Finally, we had a presentation on the mental health partnership - one of the provider collaboratives that will operate across NEL in the new ICB system - and discussed the proposed leadership model for place-based partnerships like THT. The Board were keen to understand what resources from NEL will sit underneath this model to support the transformational leadership envisaged.
May’s Board began with a presentation from Women’s Inclusive Team, the CVS and the GPCG about their Flourishing Communities project. This was rooted in women’s priorities, identified through consultation as pregnancy, sexual health and cervical screening. The project brought women and GPs together to understand barriers through workshops to both gather and provide information. They ran test and learn cervical screening sessions, with time to ask questions, access information, and have the smear test there and then if they felt comfortable. A key barrier is lack of inclusive representation in the workforce and materials, which means many women feel less welcome or “seen” by services. The women will be doing “walk throughs” of GP practices with staff to identify quick wins. Accessible information e.g. videos in Somali, Bengali and plain English on core issues like registering with a GP will also be produced.
The CVS felt that this project highlights powerfully the added value they can bring within the THT system, but that securing funding to scale up and “scale across” is vital, so we don’t lose the learning. Board members reflected on the need to value narrative stories as part of the accepted evidence that drives commissioning, as it is harder to track the direct impact of deeper interventions like this which build trust on hard data such as screening rates.
May’s Board also signed off the Children and Families Executive’s reset priorities for Born Well, Growing Well. Four have been rolled over as the work is not done and/or the need has increased - mental health and emotional wellbeing, special educational needs and disabilities, healthy weight, and partnership ways of working - along with a new priority on poverty and economic hardship. ELFT then presented on the integrated care competencies project, which has its roots in Tower Hamlets clinical practice and now needs staff across the partnership to participate, to robustly test the model.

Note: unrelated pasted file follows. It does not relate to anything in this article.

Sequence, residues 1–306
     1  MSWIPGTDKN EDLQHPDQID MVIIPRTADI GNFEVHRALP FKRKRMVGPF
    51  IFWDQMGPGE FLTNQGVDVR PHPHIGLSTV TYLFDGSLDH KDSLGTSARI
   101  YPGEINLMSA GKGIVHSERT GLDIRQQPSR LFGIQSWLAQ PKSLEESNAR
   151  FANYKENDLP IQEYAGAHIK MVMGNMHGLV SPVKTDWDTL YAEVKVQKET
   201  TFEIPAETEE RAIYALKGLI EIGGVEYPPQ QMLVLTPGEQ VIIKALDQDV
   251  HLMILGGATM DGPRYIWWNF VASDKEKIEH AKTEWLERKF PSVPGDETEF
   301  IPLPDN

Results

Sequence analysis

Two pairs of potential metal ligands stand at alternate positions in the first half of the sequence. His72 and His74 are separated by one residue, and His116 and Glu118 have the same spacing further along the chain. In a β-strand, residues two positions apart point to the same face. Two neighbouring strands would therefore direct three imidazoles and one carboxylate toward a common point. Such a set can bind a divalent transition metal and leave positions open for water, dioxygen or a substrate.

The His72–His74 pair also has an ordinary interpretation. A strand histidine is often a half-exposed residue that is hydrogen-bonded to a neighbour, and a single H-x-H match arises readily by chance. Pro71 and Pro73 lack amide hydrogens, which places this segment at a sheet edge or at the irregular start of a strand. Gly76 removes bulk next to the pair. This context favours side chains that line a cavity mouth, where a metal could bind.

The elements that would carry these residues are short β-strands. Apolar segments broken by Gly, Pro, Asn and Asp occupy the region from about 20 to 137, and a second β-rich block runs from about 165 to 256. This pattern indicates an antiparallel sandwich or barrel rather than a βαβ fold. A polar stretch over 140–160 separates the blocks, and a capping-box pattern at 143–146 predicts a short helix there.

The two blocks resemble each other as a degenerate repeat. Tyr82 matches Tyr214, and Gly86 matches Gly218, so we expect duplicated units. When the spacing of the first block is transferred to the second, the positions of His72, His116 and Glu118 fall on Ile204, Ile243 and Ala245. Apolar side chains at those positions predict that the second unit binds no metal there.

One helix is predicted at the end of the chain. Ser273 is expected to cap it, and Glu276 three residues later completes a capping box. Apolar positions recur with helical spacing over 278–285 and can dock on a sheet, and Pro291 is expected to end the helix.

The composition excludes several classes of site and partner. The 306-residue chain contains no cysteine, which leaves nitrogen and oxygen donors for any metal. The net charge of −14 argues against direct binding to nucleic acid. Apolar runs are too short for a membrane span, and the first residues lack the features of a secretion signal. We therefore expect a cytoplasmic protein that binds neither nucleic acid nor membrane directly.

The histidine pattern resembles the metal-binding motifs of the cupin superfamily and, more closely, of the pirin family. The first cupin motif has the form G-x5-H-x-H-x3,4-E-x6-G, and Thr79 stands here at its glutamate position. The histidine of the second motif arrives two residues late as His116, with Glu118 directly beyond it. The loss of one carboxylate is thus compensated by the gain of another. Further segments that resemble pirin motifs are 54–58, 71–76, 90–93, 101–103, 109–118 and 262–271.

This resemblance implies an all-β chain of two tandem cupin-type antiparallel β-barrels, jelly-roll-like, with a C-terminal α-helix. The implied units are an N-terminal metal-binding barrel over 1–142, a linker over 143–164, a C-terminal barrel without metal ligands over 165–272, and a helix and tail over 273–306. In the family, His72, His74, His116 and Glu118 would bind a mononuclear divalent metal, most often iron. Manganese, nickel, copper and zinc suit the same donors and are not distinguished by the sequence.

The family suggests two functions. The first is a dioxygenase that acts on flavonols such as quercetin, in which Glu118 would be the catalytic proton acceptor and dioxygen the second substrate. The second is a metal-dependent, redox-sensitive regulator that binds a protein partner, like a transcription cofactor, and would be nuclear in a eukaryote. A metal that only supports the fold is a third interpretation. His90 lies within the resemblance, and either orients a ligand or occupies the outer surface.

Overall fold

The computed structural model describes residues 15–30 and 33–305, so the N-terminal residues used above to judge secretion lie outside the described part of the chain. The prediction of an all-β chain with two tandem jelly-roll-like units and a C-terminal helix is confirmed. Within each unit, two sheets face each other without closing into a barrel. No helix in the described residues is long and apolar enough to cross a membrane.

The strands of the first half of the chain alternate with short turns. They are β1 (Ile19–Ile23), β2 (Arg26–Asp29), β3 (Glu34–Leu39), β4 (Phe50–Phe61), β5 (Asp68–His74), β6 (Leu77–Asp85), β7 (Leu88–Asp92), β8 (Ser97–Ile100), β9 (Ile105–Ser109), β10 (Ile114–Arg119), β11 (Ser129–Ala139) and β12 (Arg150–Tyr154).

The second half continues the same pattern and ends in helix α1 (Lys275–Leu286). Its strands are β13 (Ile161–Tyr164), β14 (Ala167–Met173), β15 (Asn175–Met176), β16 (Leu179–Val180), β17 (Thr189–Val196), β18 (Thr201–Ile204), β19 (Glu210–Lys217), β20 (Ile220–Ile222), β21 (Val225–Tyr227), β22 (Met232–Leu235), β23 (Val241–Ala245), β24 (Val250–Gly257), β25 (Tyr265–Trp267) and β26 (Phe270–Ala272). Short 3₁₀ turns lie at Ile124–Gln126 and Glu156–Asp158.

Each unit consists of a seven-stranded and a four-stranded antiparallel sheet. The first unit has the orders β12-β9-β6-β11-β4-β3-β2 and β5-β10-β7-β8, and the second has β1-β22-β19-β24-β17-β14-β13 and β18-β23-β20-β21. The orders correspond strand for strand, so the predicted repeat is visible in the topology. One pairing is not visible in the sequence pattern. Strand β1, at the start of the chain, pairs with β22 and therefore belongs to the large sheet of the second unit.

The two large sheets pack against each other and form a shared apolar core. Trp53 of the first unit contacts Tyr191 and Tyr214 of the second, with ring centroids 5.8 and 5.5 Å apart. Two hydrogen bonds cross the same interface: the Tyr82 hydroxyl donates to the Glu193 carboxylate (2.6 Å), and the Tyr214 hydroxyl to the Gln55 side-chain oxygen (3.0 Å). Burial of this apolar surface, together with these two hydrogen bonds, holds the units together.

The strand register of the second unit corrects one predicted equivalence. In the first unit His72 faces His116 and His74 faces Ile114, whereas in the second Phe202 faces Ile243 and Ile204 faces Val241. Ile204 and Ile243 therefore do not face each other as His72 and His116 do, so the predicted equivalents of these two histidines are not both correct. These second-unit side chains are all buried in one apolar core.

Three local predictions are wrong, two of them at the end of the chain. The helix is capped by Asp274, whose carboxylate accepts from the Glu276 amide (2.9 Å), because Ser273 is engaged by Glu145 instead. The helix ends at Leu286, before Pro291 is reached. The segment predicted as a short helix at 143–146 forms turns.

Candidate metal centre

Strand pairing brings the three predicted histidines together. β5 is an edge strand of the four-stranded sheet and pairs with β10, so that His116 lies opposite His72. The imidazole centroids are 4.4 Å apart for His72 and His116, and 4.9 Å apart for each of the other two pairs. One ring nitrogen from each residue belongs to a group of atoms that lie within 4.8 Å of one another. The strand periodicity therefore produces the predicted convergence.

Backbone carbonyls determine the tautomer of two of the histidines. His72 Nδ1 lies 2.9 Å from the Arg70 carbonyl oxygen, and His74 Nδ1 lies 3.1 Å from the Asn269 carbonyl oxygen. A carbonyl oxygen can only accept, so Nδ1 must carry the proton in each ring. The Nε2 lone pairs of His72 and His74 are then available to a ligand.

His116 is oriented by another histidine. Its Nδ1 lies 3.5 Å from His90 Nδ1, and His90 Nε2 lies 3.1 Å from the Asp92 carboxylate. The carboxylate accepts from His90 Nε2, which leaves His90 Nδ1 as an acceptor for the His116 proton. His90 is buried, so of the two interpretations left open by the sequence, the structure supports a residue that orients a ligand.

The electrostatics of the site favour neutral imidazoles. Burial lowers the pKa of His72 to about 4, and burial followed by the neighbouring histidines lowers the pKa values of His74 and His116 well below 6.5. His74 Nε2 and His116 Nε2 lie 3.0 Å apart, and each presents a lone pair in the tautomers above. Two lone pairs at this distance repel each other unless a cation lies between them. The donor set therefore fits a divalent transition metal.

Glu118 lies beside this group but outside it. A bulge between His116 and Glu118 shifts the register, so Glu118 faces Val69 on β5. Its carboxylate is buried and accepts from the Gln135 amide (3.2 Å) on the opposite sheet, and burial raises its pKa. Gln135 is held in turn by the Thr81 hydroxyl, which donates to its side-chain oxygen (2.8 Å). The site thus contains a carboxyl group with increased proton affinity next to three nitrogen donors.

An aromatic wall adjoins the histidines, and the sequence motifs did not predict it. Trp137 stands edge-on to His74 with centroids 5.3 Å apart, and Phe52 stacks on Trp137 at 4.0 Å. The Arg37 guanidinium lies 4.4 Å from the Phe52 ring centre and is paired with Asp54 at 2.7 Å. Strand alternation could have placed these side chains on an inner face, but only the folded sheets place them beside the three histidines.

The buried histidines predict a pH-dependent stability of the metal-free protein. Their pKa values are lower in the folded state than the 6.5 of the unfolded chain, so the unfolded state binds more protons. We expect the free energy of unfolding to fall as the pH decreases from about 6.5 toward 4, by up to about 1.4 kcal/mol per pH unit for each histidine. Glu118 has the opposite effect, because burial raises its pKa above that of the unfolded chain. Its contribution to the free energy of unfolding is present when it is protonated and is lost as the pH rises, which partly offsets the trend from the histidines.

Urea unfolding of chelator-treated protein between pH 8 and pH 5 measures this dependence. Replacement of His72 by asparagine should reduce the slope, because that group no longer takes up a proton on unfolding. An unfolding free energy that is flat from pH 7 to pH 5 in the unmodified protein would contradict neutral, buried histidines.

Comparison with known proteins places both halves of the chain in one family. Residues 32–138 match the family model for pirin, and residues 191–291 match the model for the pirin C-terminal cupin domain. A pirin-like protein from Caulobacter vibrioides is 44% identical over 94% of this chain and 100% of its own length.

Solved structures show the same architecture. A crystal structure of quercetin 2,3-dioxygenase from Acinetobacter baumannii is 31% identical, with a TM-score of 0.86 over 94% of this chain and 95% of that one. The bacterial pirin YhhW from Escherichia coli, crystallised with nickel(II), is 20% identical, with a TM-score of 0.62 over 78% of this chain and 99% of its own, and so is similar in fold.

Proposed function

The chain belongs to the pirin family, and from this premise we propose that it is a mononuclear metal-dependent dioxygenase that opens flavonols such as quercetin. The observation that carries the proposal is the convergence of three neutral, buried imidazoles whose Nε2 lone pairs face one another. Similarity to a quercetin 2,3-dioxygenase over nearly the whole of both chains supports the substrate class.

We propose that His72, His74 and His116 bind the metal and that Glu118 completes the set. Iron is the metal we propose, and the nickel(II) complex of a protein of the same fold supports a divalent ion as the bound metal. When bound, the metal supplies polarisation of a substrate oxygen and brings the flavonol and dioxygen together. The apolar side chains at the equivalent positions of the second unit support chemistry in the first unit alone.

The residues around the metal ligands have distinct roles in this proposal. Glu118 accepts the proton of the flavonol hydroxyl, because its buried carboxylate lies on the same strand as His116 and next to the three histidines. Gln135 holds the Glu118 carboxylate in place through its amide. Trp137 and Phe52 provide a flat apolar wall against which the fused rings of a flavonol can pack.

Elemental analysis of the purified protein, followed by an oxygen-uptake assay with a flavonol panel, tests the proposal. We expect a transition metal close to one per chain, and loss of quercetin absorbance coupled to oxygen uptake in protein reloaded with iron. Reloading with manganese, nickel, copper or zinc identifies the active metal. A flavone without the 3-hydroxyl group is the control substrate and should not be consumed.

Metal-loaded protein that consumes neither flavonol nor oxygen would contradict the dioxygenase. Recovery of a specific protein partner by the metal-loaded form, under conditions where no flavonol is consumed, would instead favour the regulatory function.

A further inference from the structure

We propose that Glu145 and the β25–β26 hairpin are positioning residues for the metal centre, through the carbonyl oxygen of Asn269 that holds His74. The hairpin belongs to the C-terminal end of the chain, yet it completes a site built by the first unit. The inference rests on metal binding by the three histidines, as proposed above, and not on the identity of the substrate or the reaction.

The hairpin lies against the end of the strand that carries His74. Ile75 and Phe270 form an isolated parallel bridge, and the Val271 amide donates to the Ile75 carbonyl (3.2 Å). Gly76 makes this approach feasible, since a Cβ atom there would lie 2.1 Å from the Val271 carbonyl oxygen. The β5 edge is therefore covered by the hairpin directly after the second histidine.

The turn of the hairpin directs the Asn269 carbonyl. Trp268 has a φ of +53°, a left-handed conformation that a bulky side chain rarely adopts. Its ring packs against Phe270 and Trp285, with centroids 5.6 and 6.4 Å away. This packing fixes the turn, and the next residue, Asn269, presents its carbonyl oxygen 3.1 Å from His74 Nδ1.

Finally, we spent an hour on ICS development, reviewing the draft terms of reference for the new place based committee which THT will incorporate, and our updated operating framework that reflects new mandated roles being recruited: the Clinical and Care Professional Lead and Primary Care Development Lead. The Board gave a strong steer to NEL that much more ambitious citizen engagement needs to be embedded in the redesigned system now, backed with clear resources and plans. The CCG also shared the proposed transformation cycle, which indicates how accountability may be divided between the ICB, provider collaboratives, and borough partnerships - the goal is for as little as possible to be held at NEL. There’s much more to work through, which will be the focus of dedicated sessions in June and July, ahead of THT meeting as a “place based committee” for the first time in September.